Tick Magnet!

Fish, ticks and turtles!

We walk back to the truck with all our extra gear in tow and drive back to the trailhead. A short trail along rainbow lake brings us back to the Ice Age Trail and we follow along Straight creek. Half a dozen fisherman are out on the small lake, I hope there is enough fish for everyone.

Troll walks towards us and we walk to his truck together. We pass by a really sweet tent spot on the shore of Long Lake. It has a woman camping there, we’re a little too far to chat but it looks she’s out for a few days at least. Several houses line the lake and we get to walk on the driveway of a few of them.

A short road walk later we walk along some fields and get to a fence. It’s locked up rather tightly and we struggle to get it open. I almost give up and think about climbing over it instead. When we finally get it open Troll meets up with us again and we all take a break at a small hunting cabin with a picnic table. It’s really mostly me taking a break and relaxing and the others waiting for me to be ready to go again. They just don’t know how to relax!

Just before getting back to the truck there is a small pond with two turtles. We’re excited because Troll is a turtle fan but he didn’t even see them when he walked by them ahead of us!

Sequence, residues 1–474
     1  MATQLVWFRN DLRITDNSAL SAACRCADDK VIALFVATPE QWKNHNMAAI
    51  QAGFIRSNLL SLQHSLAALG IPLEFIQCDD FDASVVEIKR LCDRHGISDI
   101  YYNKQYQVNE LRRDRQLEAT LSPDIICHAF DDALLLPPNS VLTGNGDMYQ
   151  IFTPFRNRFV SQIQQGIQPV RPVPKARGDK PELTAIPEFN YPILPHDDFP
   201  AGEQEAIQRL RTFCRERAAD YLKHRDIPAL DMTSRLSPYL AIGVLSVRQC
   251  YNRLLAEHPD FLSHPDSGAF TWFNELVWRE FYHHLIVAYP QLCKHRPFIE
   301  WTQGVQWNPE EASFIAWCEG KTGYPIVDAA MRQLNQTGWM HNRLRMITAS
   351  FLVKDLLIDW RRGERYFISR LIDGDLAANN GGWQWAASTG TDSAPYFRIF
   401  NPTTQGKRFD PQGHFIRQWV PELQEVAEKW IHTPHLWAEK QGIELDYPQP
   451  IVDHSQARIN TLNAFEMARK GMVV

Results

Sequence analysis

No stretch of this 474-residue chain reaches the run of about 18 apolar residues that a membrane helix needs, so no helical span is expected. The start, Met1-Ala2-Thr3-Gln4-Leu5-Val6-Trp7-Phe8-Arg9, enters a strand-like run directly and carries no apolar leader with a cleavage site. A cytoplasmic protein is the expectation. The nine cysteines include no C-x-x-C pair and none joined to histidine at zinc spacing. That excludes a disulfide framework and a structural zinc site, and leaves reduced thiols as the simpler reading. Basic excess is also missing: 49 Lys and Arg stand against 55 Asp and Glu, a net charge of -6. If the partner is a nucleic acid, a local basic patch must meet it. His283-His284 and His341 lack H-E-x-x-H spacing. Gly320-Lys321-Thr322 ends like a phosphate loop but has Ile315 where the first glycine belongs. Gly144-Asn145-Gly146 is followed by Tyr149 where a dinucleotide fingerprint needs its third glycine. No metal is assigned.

A break in the parking lot results in me beating Troll in having the highest tick count. I have two during the break which puts me at ten for the day. Yuck! And the grass isn’t even that high yet. Luckily none of them burrowed in yet.

The McKenzie creek segment shows the creek flowing in the tunnel left by glacier activity. It looks no different than any other creek but it’s undulating and shimmering in the sunlight and pretty to look at.

We finish the day up with a crossing on a rickety bridge and a nice view of Dinger lake. We camp near a trailhead and have dinner with Troll who once again treats us to wonderful cooking. It’s going to be rough without him.

Affiliate Disclosure

This website contains affiliate links, which means The Trek may receive a percentage of any product or service you purchase using the links in the articles or advertisements. The buyer pays the same price as they would otherwise, and your purchase helps to support The Trek's ongoing goal to serve you quality backpacking advice and information. Thanks for your support!

To learn more, please visit the About This Site page.

What Do You Think?